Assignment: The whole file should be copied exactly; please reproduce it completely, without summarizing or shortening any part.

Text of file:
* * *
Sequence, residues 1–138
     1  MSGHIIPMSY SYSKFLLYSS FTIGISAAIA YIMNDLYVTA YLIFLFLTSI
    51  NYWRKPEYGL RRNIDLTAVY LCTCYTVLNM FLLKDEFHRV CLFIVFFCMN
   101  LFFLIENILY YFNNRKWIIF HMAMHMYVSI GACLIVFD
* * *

Sequence, residues 1–138
     1  MSGHIIPMSY SYSKFLLYSS FTIGISAAIA YIMNDLYVTA YLIFLFLTSI
    51  NYWRKPEYGL RRNIDLTAVY LCTCYTVLNM FLLKDEFHRV CLFIVFFCMN
   101  LFFLIENILY YFNNRKWIIF HMAMHMYVSI GACLIVFD